Last night I watched Dances With Wolves. It's perhaps the worst movie I've seen in a long while. It would've been amazing if they had removed all the voice-overs and subtitles. (Kevin Costner is a good actor as long as he doesn't speak--you can *imagine* him having thoughts.) But I could watch those open grasslands forever--and the bison.
Okay, so the Indians are pure hearted scalpers and the Army is inhuman and heartless (except for Costner because he's "different" than *ALL* the white people--of course, we the audience identify with him. WE aren't like THOSE Army men.)--But it ignored the more terrifying premise: that the Army was commanded by good, wholesome, upstanding Americans.
I've thought about this before, while in western Nebraska where the massacre at Ash Hollow occurred. It's really hard to imagine, standing in the time I stand in, what was going on the minds of those men--to imagine them empathetically, not just blame them with some serious moral failure. It makes me wonder if those Americans of only 100 years ago actually had different minds, that is, their brains revolved on a different axis.
I think about this because of Daniel Day-Lewis, especially in his roles in Gangs of New York and There Will Be Blood. His characters seem to have a whole different value system, they are thinking different thoughts than a 20th Century person would--their drives and motives are alien to us. I wonder if we could meet any average good person from the 1860s how disturbed and alien their reasoning might be to us.
You may have realized at this point that you have misread something very early on—the Detective Story you’ve selected is Defective Story. Or, perhaps the Mystery is not what you had expected, but something entirely obvious and ordinary. Or, your assumptions about what you were reading or what you were reading for were straight off wrong. The color of the woman’s dress you cannot get out of your head must be important, musn’t it? There will be a death, most definitely. The important things will stay the important things on to the very end of it. But now I have you thinking. The most special details, the better parts, will not figure into significance. The important words in the first half (‘my God,’ ‘myself,’ ‘my lover’) are now pointing at different things—or at least could be. (How could you know?) You were certain the setting was a parlor but now the interjection of buffalo grass has changed your mind. And then there is no one is going to die. How strange to have spent all this time trying to explain it and no one is going to die.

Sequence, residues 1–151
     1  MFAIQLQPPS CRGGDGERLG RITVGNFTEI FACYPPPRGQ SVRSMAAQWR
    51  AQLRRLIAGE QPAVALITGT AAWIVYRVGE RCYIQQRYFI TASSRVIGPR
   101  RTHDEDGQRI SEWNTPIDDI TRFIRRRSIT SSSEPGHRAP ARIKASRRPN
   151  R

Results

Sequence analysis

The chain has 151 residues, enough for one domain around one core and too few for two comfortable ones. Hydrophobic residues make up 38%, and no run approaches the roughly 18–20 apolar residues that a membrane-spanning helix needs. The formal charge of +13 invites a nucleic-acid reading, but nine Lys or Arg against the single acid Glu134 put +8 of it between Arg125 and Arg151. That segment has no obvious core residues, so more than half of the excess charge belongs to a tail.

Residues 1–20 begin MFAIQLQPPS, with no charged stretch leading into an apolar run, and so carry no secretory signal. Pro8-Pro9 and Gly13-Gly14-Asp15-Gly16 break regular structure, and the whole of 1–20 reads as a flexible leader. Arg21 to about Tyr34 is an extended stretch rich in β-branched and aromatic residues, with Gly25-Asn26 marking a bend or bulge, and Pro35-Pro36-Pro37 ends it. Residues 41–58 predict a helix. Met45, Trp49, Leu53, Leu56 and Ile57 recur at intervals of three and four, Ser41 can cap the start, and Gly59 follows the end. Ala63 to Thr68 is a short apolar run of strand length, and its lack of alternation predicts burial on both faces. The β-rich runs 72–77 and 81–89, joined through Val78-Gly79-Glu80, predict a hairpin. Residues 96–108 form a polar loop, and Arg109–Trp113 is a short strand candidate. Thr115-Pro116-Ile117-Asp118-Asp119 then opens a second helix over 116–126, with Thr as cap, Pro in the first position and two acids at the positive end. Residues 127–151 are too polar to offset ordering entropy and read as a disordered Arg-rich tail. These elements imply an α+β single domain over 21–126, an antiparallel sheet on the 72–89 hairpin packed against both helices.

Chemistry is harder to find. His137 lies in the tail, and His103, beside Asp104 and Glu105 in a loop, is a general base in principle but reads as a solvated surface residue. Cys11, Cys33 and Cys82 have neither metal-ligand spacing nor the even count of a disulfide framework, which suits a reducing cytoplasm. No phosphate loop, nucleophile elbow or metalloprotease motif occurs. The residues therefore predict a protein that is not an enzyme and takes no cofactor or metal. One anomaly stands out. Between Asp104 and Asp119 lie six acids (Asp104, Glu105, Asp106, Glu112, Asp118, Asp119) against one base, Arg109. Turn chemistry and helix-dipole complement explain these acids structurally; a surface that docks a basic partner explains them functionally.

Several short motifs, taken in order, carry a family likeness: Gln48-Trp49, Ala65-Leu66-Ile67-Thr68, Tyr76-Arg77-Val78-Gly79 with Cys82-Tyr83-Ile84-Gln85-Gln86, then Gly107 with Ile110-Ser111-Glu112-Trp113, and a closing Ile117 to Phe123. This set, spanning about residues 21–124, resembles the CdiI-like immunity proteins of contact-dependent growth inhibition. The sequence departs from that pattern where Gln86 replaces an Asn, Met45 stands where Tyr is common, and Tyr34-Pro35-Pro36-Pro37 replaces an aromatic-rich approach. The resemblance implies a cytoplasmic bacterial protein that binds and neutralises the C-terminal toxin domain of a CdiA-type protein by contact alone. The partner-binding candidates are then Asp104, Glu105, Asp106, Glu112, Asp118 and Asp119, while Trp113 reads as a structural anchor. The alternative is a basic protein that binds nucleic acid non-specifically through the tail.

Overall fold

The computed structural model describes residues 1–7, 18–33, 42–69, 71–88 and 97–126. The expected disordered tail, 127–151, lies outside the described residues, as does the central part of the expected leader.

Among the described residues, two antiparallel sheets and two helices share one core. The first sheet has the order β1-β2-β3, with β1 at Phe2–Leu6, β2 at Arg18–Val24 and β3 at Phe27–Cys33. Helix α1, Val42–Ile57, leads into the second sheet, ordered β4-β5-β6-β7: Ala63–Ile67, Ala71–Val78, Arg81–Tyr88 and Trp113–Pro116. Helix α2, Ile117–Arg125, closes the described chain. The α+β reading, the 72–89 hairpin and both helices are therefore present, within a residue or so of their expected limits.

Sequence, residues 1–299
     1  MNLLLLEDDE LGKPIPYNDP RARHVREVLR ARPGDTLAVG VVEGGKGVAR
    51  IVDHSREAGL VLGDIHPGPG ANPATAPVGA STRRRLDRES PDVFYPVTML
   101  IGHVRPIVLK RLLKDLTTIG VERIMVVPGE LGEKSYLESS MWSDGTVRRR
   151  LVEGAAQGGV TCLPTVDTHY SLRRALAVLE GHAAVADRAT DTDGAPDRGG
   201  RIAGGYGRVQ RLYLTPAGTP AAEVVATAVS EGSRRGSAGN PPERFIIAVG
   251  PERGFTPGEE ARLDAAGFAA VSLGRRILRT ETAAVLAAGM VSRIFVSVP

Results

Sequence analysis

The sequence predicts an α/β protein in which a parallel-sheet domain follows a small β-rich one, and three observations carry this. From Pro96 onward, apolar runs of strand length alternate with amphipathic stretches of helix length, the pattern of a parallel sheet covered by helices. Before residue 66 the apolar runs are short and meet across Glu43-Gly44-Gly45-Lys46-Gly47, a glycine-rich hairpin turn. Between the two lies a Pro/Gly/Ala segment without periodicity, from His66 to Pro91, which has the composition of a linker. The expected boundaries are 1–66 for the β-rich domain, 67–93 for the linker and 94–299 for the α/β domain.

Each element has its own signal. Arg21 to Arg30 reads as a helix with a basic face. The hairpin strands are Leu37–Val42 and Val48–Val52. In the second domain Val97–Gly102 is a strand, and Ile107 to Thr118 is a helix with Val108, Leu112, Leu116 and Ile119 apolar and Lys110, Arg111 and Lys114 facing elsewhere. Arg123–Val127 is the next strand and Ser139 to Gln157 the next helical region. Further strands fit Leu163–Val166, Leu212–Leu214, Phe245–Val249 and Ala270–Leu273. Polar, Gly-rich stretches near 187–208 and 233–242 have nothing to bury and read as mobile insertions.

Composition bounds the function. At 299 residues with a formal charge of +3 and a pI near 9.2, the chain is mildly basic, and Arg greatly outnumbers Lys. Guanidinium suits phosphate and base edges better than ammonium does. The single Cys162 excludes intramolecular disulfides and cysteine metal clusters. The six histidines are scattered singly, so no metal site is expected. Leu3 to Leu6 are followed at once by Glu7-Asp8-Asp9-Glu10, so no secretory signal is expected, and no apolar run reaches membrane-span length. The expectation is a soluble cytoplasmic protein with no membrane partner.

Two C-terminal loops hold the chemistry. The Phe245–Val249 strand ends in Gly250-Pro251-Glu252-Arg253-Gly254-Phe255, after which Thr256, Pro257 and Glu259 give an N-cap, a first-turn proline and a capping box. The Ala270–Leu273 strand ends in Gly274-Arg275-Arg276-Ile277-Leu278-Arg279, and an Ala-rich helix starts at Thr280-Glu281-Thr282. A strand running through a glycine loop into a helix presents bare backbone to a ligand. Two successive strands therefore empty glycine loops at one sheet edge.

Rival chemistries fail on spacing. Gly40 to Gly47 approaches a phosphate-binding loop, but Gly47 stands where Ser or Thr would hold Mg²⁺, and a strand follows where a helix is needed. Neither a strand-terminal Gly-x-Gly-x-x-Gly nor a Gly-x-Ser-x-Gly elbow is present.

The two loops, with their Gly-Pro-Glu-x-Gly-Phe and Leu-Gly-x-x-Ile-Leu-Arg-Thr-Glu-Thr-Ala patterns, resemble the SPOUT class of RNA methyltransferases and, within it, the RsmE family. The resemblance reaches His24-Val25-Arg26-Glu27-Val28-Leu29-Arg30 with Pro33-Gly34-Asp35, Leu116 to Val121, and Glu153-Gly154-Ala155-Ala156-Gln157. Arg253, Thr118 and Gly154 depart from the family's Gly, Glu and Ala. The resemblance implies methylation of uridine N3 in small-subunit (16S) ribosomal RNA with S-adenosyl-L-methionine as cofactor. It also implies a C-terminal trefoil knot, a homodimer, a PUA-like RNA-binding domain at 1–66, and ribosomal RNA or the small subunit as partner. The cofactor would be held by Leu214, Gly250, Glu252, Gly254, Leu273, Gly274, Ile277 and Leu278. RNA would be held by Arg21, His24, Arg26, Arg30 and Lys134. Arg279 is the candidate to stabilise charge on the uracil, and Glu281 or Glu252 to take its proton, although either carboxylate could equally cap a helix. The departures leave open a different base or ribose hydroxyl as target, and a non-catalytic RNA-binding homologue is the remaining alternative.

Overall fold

Shows. In the last few weeks I've been to the Chicago Symphony, the Redmoon Theatre, the Music Box Theatre, Othello at the Chicago Shakespeare Theatre, a Mae West film at the Gene Siskel Film Center. And I've gone to a couple poetry readings. Today the Homer-Hopper show opens at the Art Institute--! (I've heard it's a large show.) Matt and I are going to try and get some student tickets to the Lyric Opera soon.
Prose (Poems). Classes and writing have been going well. I'm taking a prose poem class with Janet and the readings have been really wonderful. I haven't set aside the collage poetry...it's just there and not moving right now. However, I am currently working on a cento made out of Robert Frost poems about the vandalizing of his summer home this last year. And that has put me back in the collaging state of mind. I recently organized all my poems since sophomore year and I have about 150 pages (not including collage poems). That's a good reminder on those 'maybe-I-suck' days. Too late, they say. Too late.